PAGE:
The existence of a church in Crete was a testimony to God’s power. A poet from the 6th century BC had described them as liars, evil beasts and lazy gluttons, and things hadn’t changed when Paul quoted him to Titus in this letter. We don’t read of Titus in Acts, but he features in Paul’s letters to the Corinthians and the Galatians. The last we read of him, he’s in Dalmatia (map). Paul insists to Titus that the Cretan Christians devote themselves to good works, which in that society would have doubtless not gone unnoticed.
I find verses 1-3 to be overwhelming in a good way. Paul reaches into eternity past (“before the beginning of time” in verse 2), into future eternity (“eternal life” in verse 2) and brings them together in the present (the word entrusted to Paul). And if that’s not enough, he inserts God’s nature in the mix. I feel faint just thinking about it!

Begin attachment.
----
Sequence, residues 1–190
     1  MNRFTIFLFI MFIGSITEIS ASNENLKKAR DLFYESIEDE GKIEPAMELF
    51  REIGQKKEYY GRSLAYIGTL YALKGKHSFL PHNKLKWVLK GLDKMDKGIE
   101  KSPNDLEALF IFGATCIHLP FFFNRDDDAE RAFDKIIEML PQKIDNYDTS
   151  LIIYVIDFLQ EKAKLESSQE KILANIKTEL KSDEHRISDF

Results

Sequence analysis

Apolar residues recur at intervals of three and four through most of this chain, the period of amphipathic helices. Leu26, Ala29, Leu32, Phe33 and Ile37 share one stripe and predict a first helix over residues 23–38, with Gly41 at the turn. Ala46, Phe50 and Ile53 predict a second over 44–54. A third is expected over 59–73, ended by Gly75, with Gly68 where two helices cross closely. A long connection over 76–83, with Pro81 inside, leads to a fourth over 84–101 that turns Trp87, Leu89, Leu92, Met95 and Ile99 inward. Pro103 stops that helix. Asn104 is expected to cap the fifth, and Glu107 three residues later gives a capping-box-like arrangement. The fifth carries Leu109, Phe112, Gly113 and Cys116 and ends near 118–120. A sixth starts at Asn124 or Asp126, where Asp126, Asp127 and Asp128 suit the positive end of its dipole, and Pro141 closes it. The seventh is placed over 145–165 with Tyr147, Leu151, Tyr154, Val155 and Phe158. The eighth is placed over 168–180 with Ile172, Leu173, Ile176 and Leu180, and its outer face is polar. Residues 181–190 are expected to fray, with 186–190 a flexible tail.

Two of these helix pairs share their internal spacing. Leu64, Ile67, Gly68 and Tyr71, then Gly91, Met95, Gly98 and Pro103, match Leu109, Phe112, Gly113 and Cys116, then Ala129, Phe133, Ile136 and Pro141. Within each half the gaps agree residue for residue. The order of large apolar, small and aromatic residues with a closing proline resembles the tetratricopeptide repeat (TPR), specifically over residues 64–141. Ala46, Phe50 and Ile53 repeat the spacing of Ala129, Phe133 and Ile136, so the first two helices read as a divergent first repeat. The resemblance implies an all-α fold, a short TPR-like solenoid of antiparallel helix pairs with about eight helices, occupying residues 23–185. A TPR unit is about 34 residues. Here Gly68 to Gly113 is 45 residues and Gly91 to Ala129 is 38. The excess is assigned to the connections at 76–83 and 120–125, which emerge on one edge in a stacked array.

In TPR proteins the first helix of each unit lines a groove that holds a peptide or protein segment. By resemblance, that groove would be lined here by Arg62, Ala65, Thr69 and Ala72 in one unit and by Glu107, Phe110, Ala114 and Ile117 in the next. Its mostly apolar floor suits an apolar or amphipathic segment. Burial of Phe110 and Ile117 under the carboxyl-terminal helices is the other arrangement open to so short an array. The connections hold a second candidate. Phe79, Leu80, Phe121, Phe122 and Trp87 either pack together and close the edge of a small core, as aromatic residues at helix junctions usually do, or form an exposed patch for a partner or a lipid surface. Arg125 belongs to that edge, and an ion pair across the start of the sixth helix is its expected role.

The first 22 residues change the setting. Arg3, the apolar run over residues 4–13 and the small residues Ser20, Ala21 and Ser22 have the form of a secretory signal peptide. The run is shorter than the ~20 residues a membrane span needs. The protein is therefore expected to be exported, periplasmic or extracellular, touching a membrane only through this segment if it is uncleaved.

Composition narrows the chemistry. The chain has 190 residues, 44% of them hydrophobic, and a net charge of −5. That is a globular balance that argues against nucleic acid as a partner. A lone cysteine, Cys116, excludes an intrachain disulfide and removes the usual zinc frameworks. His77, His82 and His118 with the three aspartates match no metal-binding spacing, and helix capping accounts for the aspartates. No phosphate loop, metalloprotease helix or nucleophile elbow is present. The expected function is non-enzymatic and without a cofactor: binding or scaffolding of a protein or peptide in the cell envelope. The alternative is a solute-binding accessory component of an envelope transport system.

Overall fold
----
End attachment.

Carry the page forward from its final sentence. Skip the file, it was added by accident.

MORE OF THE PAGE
He gives Titus guidelines for appointing elders and overseers. Among other things, they were to be blameless (1:6,7). The believers in Crete had better chances of being godly if they had godly leaders, especially considering the alternatives (1:10-16).
Paul gives instructions on how the Cretans were to behave, and on everyone’s list was self-control (2:2, 5, 6). It should be noted that none of these characteristics are natural—all are the fruit of God’s Spirit working in us.
Paul wanted the Christians to adorn the gospel. It’s not that it’s unattractive and we have to dress it up: the gospel is already beautiful, and our task is to enhance that beauty in the eyes of the watching world.
But why? Because of the grace of God that appeared (2:11-12). Because we’re awaiting the appearing of Christ (2:13-14). Because Christ gave Himself to purify a people eager to do good works (2:13-14).
We aren’t saved by good works; we’re saved to good works. We Christians often get that order wrong.
God’s grace and kindness changes the Christian’s behaviour (3:1-3). God’s grace isn’t and cannot be earned (3:4-8). Bible teachers should be forceful in teaching grace (3:8-11). Thank God (who doesn’t lie—1:2) we can rely on His grace!
Source: Christopher Ash (Download sermons)